The PACWEST’s end of season accolades don’t include defensive honours. If it did, and if Phills’ rebounding clip was a little higher. Kannemeyer is confident that his defensive ace would be a candidate for an All-League Defensive Team.
As of February 2017, phillinmyself07 has amassed 1,399 YouTube subscribers, while his Instagram account of the same name, has reached nearly 4,000 followers since its inception. It’s beginnings, like Phills, started in the East Coast.
Back in Toronto, Phills works with an organization called Bigger Than Basketball (BTB) and through BTB, Phills had the opportunity to work with the Centre for Social Innovation (CSI). The organizations work towards providing opportunities for underprivileged youth to compete at a high level of basketball for scholarships in the post-secondary level. For Phills, his main goal was to help prosper social change and innovation.
The vlog follows a “day-in-a-life” format and features Phills’ natural knack for storytelling and quick wit. Some videos go from simple stories about how a random student took his seat in a study room, a trip to Brandywine Falls with Mclallen, or even the seemingly innocuous, but truly found call for people to “culture up” and try new things. “It’s more than just one video, the story of the channel itself is a pretty big deal,” Phills said. “Right now, I’m in the midst of capturing what it’s like to chase your dreams on YouTube, in the classroom and on the basketball court.”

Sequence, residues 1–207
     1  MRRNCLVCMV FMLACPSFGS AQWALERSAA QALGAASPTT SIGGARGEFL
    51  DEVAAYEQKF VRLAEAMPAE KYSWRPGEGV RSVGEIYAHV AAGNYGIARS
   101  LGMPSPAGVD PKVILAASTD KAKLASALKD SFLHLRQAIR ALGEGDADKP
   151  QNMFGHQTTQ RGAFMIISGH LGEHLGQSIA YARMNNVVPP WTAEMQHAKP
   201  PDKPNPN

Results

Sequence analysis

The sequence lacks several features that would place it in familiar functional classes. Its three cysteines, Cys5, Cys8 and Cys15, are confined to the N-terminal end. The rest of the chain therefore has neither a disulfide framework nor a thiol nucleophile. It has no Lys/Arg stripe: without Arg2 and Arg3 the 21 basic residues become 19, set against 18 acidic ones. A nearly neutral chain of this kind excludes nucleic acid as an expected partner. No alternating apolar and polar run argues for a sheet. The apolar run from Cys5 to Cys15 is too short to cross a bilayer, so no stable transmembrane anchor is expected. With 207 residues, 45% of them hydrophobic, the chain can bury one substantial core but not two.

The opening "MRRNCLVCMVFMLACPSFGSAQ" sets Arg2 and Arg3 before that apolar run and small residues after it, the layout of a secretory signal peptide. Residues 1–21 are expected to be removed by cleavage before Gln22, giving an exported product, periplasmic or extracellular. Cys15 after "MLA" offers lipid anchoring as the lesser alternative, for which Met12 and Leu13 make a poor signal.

One of the apt comparisons that Phills has made for himself is The Fresh Prince of Bel-Air. “I go back to Toronto; I live in the hood, I live in government housing. I come here; I live in a $2 million house,” he said. “It’s weird, it’s zero to 100. Real quick.”
Despite his vlog growing by the week, Phills isn’t necessarily too caught up in popularity or the potential of profit from YouTube, “I would love to see it skyrocket, but I’m not setting the bar too high, I’m not lusting for money or anything like that, I’m just here having fun with it,” he said. “Before you know it, eligibility is done, I could blow my knee or whatever, no more basketball, but then I have this. I can go back and show my kids, ‘look, your Dad was a hotshot, look at this girl that I picked up, she thought I was a blogger, she thought I was famous.”
“Having fun with it” seems to be a constant theme in Phills’ life. “His joy in the games is definitely one of his best qualities,” Kannemeyer said. “People enjoy watching him play, and I enjoy knowing that we are always getting maximum effort from him and again that is an infectious attribute that rubs off on his teammates.”
The Blues wound up falling to the Falcons in their game on Jan. 27. The loss broke a three-way tie at the top of the PACWEST that involved the two teams, as well as the Vancouver Island University Mariners. The Blues are still firmly entrenched in third, and still have a strong shot at reclaiming the top seed they held earlier in the year. A few days after the loss, Phills was quickly back to his “next-play” mindset, uploading a new video to phillinmyself07. He was singing Kehlani’s “Distraction” – as infectious and joyous as always.